One of the biggest changes to the book is that Race will be eliminated from the language moving forward and has been changed to Species. One of the many changes that have been made as they will not be making it a focus but a piece of the role creation. The system is now class first as opposed to species first, but they will return to much the way they used to be in 2014, giving people a steady state like they were initially built. You'll have Origins divided up into a few aspects, including Background, Species, and Alignment, although there won't be a heavy focus on Alingment like there was in the past. Gender identity and pronouns will be mentioned in the book to allow players to create the characters they want, another move forward to let players of all kinds know they are welcome in the game. And then, finally, Spells and Weapons in the book will be given an update, as there will be an upgrade for most everything in the book, as well as Weapon Mastery to add a new element to make a character more proficient in the game. Weapon Mastery has made it so the weapons you specifically use act differently from each other.
Moving onto the Dungeons & Dragons Dungeon Masters Guide, this is basically the overhaul they wanted to make in 2014 but couldn't do in 2014 with the smaller staff they had at the time. This thing has been given a front-to-back revision that will no longer feel like a burden with additional references and more of an indispensable resource that is both friendlier and easier on new DMs. This book will give a greater effort on show than tell, as it has been designed to provide DM's with examples to utilize, as well as a sample campaign setting that can be fully customized and serve as a jumping-off point for your game. The content in the book has been reshuffled around to have a better user experience so that the basics are at the front. With topics such as using dice, explaining the DM screen, finding players, planning schedules, having disruptive players, whether or not knowing the rules is super important, and more. Ultimately, the book is a learn-by-example guide now as opposed to rules-as-written. It will also come with a ton of magic items, more than the previous book, as well as ready-to-use maps that will serve as a large expansion so people have options to use in the game or examples of what can be utilized.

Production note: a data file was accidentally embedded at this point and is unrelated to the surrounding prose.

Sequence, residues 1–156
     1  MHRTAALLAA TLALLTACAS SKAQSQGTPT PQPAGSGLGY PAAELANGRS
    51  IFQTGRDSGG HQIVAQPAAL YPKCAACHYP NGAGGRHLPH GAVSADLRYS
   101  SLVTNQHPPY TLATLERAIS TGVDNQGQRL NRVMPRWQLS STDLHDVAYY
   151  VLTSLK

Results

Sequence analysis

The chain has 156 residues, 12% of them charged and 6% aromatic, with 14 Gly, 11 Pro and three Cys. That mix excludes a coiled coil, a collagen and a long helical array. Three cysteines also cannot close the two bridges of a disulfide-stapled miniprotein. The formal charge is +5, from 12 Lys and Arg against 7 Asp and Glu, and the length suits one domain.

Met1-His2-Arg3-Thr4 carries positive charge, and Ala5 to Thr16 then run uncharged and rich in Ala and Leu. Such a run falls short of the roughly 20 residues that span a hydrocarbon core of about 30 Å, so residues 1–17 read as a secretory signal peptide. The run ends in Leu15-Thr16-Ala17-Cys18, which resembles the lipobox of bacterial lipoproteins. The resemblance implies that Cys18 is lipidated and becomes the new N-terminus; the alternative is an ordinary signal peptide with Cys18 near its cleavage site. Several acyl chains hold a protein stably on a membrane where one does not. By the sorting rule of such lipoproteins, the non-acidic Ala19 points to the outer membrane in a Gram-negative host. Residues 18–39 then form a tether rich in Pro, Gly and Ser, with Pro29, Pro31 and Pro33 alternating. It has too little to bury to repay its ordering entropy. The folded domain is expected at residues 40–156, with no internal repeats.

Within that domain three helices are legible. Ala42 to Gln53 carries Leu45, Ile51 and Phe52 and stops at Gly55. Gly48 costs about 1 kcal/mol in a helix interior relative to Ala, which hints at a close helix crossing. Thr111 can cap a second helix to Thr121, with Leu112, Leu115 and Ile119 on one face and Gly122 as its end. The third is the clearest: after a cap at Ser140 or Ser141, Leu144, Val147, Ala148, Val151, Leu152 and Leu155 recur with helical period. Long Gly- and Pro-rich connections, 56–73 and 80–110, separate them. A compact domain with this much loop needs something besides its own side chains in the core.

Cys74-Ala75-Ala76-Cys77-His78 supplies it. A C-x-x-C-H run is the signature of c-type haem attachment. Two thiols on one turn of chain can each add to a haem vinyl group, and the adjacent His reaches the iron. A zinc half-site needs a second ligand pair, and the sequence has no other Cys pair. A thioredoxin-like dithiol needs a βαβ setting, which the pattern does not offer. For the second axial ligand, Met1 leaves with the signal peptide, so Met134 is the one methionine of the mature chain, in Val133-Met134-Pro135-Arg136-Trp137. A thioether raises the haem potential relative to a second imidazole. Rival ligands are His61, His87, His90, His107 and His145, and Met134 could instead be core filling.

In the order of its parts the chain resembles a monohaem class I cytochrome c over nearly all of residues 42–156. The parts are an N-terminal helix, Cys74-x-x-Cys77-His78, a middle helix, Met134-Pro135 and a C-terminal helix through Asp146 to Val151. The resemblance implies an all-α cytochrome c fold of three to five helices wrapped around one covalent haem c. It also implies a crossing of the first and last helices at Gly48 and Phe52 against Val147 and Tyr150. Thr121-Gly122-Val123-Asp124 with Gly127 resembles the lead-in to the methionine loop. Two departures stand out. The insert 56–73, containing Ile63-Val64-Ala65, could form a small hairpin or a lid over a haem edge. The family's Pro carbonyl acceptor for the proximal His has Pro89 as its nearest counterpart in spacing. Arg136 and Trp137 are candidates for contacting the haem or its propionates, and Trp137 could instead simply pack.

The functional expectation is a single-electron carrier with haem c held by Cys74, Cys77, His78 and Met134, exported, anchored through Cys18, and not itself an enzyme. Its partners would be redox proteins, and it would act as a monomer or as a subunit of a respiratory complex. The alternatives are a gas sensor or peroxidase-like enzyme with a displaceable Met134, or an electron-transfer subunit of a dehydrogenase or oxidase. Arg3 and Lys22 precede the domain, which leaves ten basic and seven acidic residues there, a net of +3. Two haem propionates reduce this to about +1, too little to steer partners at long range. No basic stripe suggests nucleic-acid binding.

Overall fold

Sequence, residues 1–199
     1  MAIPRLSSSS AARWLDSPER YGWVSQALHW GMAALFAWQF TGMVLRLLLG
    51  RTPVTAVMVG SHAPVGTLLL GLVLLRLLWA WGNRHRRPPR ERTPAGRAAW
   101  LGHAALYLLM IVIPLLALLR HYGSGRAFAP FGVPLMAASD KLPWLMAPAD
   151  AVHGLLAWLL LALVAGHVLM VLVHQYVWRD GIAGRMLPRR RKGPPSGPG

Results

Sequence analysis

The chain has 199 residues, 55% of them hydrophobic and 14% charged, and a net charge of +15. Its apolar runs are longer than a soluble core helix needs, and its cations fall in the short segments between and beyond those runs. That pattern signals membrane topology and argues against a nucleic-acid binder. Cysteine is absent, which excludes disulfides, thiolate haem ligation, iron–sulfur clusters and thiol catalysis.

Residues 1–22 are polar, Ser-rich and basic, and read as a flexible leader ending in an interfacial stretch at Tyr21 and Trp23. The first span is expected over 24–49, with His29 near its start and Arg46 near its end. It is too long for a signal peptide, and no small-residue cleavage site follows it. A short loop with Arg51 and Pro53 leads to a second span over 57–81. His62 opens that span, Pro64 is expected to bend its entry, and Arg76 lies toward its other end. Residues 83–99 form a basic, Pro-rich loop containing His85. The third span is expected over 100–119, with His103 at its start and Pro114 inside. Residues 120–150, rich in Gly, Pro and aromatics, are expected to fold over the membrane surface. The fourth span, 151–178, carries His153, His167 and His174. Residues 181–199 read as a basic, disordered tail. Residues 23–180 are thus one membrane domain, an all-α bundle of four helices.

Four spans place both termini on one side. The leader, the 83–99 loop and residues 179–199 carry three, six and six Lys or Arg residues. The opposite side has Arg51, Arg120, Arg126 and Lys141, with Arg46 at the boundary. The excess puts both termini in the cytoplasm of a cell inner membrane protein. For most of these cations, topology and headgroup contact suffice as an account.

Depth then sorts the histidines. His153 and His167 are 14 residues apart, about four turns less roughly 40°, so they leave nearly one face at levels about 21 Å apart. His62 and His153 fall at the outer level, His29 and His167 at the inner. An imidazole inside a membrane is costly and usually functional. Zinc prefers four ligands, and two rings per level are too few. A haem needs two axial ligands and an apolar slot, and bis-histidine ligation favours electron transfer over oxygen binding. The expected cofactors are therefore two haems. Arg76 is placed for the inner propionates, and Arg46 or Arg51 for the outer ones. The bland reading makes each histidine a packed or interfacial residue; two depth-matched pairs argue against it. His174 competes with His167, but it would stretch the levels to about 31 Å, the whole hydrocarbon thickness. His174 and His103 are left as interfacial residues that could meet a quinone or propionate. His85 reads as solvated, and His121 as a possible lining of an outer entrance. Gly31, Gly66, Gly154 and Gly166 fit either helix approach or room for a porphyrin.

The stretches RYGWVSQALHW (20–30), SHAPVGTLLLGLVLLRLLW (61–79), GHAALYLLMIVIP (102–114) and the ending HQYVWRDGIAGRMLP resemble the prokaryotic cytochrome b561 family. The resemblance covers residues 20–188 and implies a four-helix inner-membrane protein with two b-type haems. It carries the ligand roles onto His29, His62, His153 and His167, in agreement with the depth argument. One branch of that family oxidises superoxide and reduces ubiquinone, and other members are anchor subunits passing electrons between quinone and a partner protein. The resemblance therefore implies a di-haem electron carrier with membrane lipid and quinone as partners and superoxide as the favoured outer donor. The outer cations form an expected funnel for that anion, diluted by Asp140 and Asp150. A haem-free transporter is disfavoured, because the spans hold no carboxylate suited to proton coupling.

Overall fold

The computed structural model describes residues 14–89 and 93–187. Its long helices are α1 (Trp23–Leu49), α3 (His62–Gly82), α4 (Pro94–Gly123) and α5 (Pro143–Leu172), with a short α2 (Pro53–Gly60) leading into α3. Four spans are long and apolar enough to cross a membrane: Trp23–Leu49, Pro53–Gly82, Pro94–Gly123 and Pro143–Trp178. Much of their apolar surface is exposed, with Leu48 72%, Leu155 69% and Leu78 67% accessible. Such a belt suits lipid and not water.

Finally, we explore the Dungeons & Dragons Monster Manual. This will be the biggest guide to monsters for D&D ever made. According to the team, the biggest one to date. Everything from the past, present, and new creatures in the future, as they have over 500 monsters in this new version. More high-challenge rating monsters with bigger bad guys, as well as creatures who have new "boss mode" versions they never had before. There won't be any challenge rating changes for monsters already established, just changed up to make them either more creative or formidable in different ways. But they will have new stat block updates. There will also be a sample NPCs appendix with improvements and expansions, which they discovered was one of the most used parts of the book, so you have more options to make more normal characters and evil characters. Groups of NPCs will be given a place in the book as well. Instead of randomly grouped characters, there will be levels of the same group (such as pirates) that you can put into the mix. Monsters from the past couple of Monster books will stay where they are, while the new Monster Manual will have a more robust set of content for monsters in the 2014 book, with additions based on those creatures.
While everything presented to us seems on the up and up, we totally get why Dungeons & Dragons fans were hesitant to accept change immediately, especially after the OGL issues. It felt like they were scrapping what worked so well for nearly ten years. Now we have a far better idea of what to expect, but still, we haven't seen it yet and won't for another year. We'll keep an eye on it and see what the changes hold, but for now, this seems far more promising than it sounded when first announced.